Racking up a huge on-board bill

If you’re new to cruising – and sometimes even if you’re not – that shipboard account you get at the end of the cruise can come as a shock. On ocean cruises at least, there are a lot of things that aren’t included in the price. Specialty restaurants, excursions, spa days, drinks at the bar, those fancy coffees you love, soft drinks, even bottled water – any time you sign for something, it costs you extra. Add on the $12 or so in gratuities for every day you’re on board, and the numbers on that bill can get alarming.

The first way to battle shipboard expense creep is to find out what costs extra and what doesn’t; some people are surprised to find their macchiato costs them $3.50. Then, make a budget so you know what you can spend, and check your account now and then to see how you’re doing. Also, cut costs where you can: drop in on art auctions and the captain’s reception for some free champagne, and find cheaper places for coffee and drinks when you’re in port. That’s also the place to use the internet — only buy the ship’s package if you really need it.

Not getting into port

If you’re taking a cruise that goes to the farthest ends of the earth – places where the weather can be fierce – be aware ruin your cruise -- ship in portthat there’s a chance you may not be able to get into some of the ports on your itinerary. On an Antarctic cruise a few years back, we barely got into the Port Stanley, on the Falkland Islands; the ship that arrived the day before didn’t get in at all.

The captain will usually try to find a substitute port, so you won’t be left sitting on the ship for a couple of days. But if you have your heart set on one destination and you can’t get in, it can be pretty disappointing. The only real way to avoid this is to plan your trip for the calmest time of year, and hope for the best. But be aware that when you’re sailing to wild places, anything can happen, so just buckle up and enjoy the adventure.

 Not turning off your cellphone

If you’re getting cellphone service when you’re out to sea, you’re doing what the phone companies call roaming. That means they’re charging you top dollar —  sometimes $2.50 to $3 a minute — for every call. The damage is even worse if you use your phone’s data service to check your e-mail, visit your favourite websites or use Facebook. The major U.S. phone companies charge anywhere from $12 to $20 per megabyte. In some cases, just regular updating of your apps can incur data charges.

The safest way to avoid getting ambushed by a big cellphone bill is to turn off your phone as soon as you get on board. Alternatively, you can put it in airplane mode so none of the communication services work. You can still use some apps that don’t require a connection, like games or a music player for music that’s already loaded onto your phone. And some cruise lines have an app that lets you check your account, or text others on board (make sure there’s no charge involved). You can also use wi-fi — but again, using the ship’s wi-fi service will cost you big-time, so do it on shore.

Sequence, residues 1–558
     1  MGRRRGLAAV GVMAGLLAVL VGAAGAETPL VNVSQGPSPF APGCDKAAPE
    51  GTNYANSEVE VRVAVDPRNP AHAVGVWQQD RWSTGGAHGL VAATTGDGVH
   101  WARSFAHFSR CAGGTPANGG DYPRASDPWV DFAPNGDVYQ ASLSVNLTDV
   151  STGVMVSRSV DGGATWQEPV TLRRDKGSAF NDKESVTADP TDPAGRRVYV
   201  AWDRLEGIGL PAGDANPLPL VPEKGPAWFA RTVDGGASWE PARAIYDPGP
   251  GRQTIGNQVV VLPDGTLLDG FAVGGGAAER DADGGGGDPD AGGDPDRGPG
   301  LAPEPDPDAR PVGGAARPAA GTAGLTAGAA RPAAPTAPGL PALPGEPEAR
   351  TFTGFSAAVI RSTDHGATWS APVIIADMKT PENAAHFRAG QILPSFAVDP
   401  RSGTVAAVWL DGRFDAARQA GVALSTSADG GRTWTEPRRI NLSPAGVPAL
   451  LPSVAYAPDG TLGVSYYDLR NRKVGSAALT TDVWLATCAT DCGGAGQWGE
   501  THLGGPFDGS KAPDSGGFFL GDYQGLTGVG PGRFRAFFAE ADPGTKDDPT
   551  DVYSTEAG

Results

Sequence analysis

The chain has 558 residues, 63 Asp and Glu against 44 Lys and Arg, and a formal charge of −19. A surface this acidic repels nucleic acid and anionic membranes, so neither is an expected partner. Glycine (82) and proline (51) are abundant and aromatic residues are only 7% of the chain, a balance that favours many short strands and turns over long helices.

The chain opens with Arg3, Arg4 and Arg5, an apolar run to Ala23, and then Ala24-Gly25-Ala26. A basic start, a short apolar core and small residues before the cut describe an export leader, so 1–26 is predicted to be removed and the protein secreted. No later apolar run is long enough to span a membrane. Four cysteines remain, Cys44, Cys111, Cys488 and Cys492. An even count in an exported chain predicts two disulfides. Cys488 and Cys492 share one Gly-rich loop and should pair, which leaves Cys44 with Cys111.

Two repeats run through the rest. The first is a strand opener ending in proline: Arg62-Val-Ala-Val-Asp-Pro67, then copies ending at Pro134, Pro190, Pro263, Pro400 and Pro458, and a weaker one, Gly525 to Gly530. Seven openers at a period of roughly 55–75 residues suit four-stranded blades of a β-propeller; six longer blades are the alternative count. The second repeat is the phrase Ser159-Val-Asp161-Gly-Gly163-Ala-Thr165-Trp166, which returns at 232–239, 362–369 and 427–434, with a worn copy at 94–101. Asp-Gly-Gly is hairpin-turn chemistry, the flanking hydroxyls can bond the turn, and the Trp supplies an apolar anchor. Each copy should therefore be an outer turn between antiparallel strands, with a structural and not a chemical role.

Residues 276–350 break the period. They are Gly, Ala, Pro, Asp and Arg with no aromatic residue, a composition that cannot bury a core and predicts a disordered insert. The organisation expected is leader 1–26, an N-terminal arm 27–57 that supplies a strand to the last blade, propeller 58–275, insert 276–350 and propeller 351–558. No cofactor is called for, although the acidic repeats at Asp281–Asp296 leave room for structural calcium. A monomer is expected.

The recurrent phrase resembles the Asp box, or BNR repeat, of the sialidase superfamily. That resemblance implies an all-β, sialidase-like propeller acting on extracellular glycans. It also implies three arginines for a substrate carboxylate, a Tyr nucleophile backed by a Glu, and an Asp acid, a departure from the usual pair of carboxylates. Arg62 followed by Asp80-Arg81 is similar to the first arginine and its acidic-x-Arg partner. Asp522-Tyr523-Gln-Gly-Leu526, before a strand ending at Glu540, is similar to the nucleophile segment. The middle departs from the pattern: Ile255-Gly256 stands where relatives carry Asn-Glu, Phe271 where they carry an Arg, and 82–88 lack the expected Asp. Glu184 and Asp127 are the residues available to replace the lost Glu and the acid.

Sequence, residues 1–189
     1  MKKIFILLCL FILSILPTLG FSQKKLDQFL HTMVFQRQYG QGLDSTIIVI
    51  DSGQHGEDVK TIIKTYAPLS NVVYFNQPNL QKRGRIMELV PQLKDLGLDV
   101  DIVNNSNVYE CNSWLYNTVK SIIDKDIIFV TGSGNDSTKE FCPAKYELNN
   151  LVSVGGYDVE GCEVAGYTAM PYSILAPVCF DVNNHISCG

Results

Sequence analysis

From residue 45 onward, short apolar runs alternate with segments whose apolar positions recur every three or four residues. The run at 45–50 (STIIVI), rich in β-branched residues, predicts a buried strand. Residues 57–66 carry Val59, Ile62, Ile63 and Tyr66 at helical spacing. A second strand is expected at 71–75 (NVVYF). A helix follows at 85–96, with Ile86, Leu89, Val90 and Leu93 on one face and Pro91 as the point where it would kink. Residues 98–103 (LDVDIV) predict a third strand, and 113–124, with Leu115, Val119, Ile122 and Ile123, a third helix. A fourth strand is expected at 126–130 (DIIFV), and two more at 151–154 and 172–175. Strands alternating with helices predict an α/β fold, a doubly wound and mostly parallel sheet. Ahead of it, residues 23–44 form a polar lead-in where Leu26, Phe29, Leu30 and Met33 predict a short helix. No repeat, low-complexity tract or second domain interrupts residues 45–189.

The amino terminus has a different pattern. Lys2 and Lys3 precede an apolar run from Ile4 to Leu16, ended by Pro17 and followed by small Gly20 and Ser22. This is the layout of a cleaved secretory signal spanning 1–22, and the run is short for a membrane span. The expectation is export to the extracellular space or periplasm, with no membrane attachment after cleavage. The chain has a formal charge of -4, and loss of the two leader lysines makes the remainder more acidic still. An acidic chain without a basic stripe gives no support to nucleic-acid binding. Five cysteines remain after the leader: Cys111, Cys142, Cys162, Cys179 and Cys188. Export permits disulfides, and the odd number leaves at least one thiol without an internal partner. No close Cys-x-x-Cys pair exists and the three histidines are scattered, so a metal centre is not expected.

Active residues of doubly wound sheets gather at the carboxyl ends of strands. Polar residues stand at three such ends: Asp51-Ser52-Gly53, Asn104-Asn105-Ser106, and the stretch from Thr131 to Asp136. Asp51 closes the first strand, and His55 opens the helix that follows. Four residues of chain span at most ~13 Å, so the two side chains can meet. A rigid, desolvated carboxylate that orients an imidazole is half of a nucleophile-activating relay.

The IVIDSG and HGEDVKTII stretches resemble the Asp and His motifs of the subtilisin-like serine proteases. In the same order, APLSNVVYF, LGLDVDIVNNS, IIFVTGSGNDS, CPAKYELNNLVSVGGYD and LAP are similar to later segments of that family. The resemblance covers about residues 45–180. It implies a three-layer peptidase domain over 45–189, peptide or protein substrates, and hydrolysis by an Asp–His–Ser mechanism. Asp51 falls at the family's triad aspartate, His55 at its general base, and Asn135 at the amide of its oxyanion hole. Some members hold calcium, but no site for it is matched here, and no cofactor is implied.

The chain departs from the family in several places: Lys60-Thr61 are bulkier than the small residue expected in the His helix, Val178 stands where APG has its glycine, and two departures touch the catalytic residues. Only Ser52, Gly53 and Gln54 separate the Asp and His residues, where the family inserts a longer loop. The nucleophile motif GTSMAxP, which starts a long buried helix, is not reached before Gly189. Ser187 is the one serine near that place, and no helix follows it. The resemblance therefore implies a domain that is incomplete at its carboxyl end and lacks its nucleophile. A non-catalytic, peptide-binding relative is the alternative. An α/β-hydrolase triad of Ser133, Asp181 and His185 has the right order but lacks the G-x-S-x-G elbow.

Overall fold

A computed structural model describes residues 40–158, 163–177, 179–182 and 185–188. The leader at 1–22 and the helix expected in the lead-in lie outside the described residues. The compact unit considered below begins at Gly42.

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Those are some of the most common things that can ruin your cruise. But don’t let them stop you from cruising: it’s a great way to have a good time and see some of the world. Just come prepared, and do what you can to avoid some of the pitfalls you might encounter. Once you’ve done that, it’s a lot easier to sit back, relax and enjoy the ride.

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About Author

Paul Marshman is a retired journalist who spent 30 years as a writer and editor on Canadian newspapers, while travelling to the ends of the earth. Now he continues to travel while passing on his travel experiences to you.

2 Comments

  1. Excellent, Paul.

    Not arriving in port the day before a cruise (at least two days before a transatlantic one) has to be one of biggest mistakes travellers make.

    Sure you may be insured, but that doesn’t cover disappointment.

    • You’re right, Don. What a disappointment to get to the dock and see your ship disappearing in the distance — or not get there at all. Of course, it can be a problem for working people who can’t get any more time off, but it’s worth arriving early if you can manage it at all. I also use that as an opportunity to spend some real time in the home port — since you have only one day in most places, that adds some depth to he whole experience.
      Paul Marshman recently posted…What are the most popular cruises? The baby boomer’s guideMy Profile